Ellie was some bitch taking off like that to the university in Belfast. The tune burns in his ear, ‘Last Train, Last Train.’ He tried to hunt it from his mind.

They were almost at O’Connell Bridge. A few junkies mooched around the late-night pharmacy on the corner, eyeing the security man, not relishing their chances. She swung right, down the quays. In his mind he read the map, recalled the dark places on past the Four Courts. A good combination, blackness and the law. He closed the gap again. She was on her phone talking to someone called Joanie. Maybe it was just a ploy? So many women did that now, conjuring up friends to fend off the night.

Peripheral flash, he saw movement. All the shops were closed but, still… movement? Definitely. He slowed, his attention swinging to the under-glow from the cycle shop. He read the sign. A mother stood among the expensive bikes, light feeding from the office at the back. She leant against the counter, nonchalant, absorbed, her children playing in the slanting brightness. Identical twins, slapping the wheels, their infant fingers catching the black tyres and spinning them. The mother smiled as a tall man came from the office area and swept the twins high, an arm each, hugging them, his cheery shout barely audible through the glass.

He was mesmerised, pressed his face close to the window glass, letting his eyes burn up the scene until the mother noticed him and said something to her husband. He breathed hard on the cold surface, widened his eyes, showed her the burn of hate, could imagine his face disappearing as he moved on. She’d remember the eyes, fear for her children in the night. Happy family. Like his own never was…. That was why Ellie had hurt so much, he had nourished a ‘maybe’ for their future. But she just checked out. A study colleague for fucksake. He’d missed the bloody signs for months until she told him.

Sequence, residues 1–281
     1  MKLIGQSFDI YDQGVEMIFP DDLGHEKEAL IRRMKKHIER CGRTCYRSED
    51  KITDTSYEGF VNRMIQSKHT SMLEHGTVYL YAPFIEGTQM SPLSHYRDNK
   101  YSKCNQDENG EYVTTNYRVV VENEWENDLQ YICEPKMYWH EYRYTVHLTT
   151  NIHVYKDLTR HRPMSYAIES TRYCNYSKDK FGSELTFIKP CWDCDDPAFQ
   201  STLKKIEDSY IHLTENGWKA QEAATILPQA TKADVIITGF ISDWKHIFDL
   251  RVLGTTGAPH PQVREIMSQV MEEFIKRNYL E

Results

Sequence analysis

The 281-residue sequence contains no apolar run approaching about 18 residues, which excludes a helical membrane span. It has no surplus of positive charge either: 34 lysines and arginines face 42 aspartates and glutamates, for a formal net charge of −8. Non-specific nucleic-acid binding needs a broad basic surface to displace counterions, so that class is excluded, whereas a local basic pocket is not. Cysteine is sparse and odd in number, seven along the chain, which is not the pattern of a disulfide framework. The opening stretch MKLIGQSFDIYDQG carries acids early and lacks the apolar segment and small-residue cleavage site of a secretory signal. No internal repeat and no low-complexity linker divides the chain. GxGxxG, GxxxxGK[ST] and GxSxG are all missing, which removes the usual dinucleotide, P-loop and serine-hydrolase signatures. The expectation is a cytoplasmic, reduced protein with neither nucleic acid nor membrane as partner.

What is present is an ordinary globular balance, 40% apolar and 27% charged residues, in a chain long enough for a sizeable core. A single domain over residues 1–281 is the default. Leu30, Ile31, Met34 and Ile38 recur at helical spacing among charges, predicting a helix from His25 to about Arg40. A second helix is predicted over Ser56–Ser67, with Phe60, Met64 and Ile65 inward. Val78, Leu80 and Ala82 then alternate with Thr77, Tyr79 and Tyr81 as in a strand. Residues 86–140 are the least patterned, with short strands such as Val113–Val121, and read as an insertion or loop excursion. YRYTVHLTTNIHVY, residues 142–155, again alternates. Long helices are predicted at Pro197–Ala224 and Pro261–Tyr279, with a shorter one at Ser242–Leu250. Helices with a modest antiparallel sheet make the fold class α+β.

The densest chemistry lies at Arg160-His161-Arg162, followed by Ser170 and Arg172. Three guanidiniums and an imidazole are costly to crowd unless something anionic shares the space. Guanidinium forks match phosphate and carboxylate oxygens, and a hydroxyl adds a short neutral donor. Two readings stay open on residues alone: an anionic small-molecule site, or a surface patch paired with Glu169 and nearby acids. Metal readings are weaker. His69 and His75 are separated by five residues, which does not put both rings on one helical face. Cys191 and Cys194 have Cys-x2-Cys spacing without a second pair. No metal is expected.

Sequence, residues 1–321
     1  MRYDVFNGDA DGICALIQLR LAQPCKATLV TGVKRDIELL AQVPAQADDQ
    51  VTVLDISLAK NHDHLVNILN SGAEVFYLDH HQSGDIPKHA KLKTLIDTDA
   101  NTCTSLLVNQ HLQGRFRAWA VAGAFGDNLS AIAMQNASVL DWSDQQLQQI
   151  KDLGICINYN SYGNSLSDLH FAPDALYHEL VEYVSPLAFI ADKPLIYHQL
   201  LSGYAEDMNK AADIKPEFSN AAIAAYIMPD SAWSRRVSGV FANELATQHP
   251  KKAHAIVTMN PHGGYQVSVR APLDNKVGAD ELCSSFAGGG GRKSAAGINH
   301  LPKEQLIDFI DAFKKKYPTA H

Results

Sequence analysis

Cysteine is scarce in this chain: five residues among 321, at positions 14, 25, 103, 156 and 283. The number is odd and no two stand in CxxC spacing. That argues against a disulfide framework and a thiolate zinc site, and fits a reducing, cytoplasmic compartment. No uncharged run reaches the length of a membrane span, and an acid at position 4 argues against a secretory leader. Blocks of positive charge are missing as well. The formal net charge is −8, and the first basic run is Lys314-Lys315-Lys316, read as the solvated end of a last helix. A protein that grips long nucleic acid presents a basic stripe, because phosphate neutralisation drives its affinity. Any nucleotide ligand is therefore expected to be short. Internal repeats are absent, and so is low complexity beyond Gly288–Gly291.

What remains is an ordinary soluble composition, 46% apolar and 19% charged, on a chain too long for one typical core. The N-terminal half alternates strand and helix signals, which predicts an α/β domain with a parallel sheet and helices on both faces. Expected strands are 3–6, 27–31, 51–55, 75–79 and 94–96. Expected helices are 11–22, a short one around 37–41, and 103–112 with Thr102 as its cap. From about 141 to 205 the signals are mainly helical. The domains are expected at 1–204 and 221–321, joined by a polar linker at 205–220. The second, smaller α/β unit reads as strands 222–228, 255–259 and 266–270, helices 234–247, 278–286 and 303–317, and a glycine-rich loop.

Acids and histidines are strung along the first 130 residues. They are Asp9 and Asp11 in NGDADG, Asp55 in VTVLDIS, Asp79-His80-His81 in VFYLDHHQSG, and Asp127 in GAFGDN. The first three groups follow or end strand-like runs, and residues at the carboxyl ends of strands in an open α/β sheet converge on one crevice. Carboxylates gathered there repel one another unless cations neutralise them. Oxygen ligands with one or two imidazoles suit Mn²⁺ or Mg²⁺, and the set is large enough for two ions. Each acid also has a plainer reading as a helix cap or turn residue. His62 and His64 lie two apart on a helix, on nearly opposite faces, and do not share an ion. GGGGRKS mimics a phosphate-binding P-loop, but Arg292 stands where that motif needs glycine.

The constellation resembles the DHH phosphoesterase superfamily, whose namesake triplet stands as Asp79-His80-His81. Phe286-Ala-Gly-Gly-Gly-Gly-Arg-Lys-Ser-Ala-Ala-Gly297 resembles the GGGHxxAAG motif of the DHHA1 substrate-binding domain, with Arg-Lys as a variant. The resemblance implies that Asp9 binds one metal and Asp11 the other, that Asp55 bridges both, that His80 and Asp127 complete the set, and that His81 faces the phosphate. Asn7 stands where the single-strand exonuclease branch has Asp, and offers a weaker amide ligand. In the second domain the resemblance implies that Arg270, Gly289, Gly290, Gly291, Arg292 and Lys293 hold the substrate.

‘A fucking cuckoo bird, Ellie? That’s the best you can do?’  That was all he said, never shouted, never hit her. Smiled through the lot. Her time? She’d never guess. There were things no one saw coming.

Waiting was an art.

He’d lost the girl now. Gone, either across the Halfpenny Bridge or into the darkness towards Stoneybatter. He wouldn’t run. Chance was everything. He found himself humming the tune, the wind watering his eyes as he crossed the black river. He hated this part of town, the gormless tourists, stags and hens, the perpetual circling of desire. Crowds milled around outside a busy pub, He’d bide his time. It would throw someone up.

His previous victims had been so simple. Late-nighters, wombling home alone. He loved that word. It summed up how people were now, disconnected, out of touch, assuming they were special. No one was untouchable, he’d seen to that. Amazing that last girl had survived.

He skipped around the ‘zombies’ outside the teen club. Another redhead caught his eye, bottle job, too young. He increased his pace as two Gardai ambled past. Midget and Juggernaut, the Guards were building them awful small now and pairing them off as well, Juggernaut thumping you while Midget nipped at your heels. He’d avoid that if he could, he smiled. They were so slow, never got the picture. Amateurs.

He scoped the bulk of the darkened bank, swallowed the traffic coming from Trinity, he’d have to wait. A homeless bagman shuffled past on his mobile phone asking some hostel if they had any spaces, telling them his name is Jack. She came from behind him out of nowhere and pressed a coin into the old man’s palm. He heard the tune again, ‘Last Train, Last Train.’ The lights clicked to green. It was game on.

© James Martyn Joyce